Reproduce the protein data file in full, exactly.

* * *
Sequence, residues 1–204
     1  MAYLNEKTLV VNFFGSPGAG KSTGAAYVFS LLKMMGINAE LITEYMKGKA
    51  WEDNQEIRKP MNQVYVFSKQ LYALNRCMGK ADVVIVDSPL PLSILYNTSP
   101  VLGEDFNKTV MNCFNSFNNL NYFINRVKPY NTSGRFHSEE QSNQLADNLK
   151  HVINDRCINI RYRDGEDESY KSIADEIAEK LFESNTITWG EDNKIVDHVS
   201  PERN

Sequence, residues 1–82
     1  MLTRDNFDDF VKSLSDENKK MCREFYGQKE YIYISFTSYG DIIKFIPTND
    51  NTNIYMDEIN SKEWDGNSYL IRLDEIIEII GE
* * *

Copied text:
Sequence, residues 1–204
     1  MAYLNEKTLV VNFFGSPGAG KSTGAAYVFS LLKMMGINAE LITEYMKGKA
    51  WEDNQEIRKP MNQVYVFSKQ LYALNRCMGK ADVVIVDSPL PLSILYNTSP
   101  VLGEDFNKTV MNCFNSFNNL NYFINRVKPY NTSGRFHSEE QSNQLADNLK
   151  HVINDRCINI RYRDGEDESY KSIADEIAEK LFESNTITWG EDNKIVDHVS
   201  PERN

Sequence, residues 1–82
     1  MLTRDNFDDF VKSLSDENKK MCREFYGQKE YIYISFTSYG DIIKFIPTND
    51  NTNIYMDEIN SKEWDGNSYL IRLDEIIEII GE